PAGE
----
Thursday, December 18, 2014

Canadian Library Association Feliciter Issue for December 2014

The December 2014 issue of Feliciter, the journal of the Canadian Library Association (CLA), are is available online. The issue's theme is "Transforming Library Space and Service Delivery". From the editorial:
"Nowhere is the transformative nature of libraries more evident than in conversations concerning the design and role of library environments. The articles in this edition of Feliciter confirm that new building projects are exciting opportunities to reimagine library space. When blended with a new vision of library service, these projects are opportunities to prototype, pilot, and integrate active research into space design. The final outcomes are dynamic community gathering spaces that serve to enrich traditional library experiences while attracting new use."

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Wednesday, December 17, 2014

Roundup of Nominations for 2014 Canadian Law Blog Awards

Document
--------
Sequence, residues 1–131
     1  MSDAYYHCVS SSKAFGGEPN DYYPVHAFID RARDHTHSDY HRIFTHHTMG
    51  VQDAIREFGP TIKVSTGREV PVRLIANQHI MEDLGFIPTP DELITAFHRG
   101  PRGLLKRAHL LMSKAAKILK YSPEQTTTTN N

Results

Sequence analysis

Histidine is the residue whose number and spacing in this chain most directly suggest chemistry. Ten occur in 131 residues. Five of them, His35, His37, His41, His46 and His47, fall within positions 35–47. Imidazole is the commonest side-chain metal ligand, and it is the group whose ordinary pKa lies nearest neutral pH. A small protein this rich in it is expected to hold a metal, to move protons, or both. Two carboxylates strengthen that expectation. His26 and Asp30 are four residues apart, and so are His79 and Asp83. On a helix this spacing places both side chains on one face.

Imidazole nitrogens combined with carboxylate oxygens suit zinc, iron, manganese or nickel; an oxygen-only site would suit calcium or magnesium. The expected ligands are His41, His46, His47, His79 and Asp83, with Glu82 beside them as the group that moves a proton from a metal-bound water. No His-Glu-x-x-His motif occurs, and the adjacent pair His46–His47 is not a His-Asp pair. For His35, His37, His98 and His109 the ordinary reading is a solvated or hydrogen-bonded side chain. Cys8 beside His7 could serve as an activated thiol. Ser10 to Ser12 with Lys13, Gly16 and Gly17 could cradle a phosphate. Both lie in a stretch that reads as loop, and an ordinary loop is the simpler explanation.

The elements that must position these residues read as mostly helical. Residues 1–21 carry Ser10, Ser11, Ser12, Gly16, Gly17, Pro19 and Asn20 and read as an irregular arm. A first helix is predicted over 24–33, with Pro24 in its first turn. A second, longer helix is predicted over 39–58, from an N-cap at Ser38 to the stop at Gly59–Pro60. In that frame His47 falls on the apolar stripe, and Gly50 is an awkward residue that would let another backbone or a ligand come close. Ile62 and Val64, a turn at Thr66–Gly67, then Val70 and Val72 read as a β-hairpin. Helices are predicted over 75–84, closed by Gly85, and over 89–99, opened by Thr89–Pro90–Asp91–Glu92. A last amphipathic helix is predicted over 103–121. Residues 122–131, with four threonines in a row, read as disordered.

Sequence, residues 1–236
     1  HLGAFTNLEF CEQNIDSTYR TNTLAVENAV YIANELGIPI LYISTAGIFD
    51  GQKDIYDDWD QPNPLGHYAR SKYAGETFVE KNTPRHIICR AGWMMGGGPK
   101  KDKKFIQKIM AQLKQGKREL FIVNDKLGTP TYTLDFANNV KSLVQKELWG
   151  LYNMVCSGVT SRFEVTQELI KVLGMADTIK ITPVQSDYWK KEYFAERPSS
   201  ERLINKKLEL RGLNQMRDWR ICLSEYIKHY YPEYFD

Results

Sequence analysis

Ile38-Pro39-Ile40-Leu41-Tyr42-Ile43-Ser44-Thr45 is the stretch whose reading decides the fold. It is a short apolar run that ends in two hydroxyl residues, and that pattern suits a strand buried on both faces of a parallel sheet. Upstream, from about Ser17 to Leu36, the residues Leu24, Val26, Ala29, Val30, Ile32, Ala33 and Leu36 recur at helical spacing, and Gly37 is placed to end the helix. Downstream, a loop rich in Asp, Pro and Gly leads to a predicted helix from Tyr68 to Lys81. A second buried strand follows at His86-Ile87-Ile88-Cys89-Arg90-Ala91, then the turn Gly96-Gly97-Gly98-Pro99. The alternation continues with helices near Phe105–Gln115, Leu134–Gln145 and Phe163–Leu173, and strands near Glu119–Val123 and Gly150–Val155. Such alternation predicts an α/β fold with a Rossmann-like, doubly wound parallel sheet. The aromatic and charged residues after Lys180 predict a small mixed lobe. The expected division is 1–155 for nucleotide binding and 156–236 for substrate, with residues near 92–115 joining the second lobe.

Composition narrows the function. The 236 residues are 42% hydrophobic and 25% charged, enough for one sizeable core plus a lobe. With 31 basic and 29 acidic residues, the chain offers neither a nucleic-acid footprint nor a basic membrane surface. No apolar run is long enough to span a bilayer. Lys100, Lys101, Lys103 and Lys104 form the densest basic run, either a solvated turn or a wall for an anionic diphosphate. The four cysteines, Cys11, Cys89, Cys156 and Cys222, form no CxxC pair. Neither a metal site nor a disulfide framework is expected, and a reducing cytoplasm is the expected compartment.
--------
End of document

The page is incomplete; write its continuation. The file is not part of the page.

This is a follow-up to the Library Boy post of December 3, 2014 entitled Nominations Open for 2014 Canadian Law Blog Awards .

The Vancouver Law Librarian Blog has posted a roundup of nominees for this year's Canadian Law Blog Awards, also known as the Clawbies.

The deadline for nominations is Tuesday, December 23, and the winners of the 2014 Clawbies will be announced on New Year’s Eve.

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Tuesday, December 16, 2014

Canadian Association of Law Libraries Webinar on Communicating and Proving Your Expertise

The Canadian Association of Law Libraries (CALL) is organizing a webinar on January 27, 2015 on Defining, Communicating and Proving Your Expertise:
"This session describes the processes and requirements for professional services providers such as law librarians to position themselves as valuable experts and avoid being cast as commodity 'helpers'. Cal Harrison will explain the concept of 'market position' in a way that is free from 'branding jargon' and that is immediately actionable by any individual in the professional services sector."

"Attendees will leave understanding how they can define, communicate and prove their intangible (but real) value to their firm and clients in a very tangible manner."
The speaker is Cal Harrison, President of Beyond Referrals, a consulting firm that advises on the selling, and the buying, of professional services such as architecture, engineering, law, and management consulting.

The webinar will take place at 1:00pm-2:30pm Eastern time.

ALL/ACBD Member: $40 + $5.20 HST    = $45.20/webinar
Non-member: $60 + $7.80 HST    = $67.80/webinar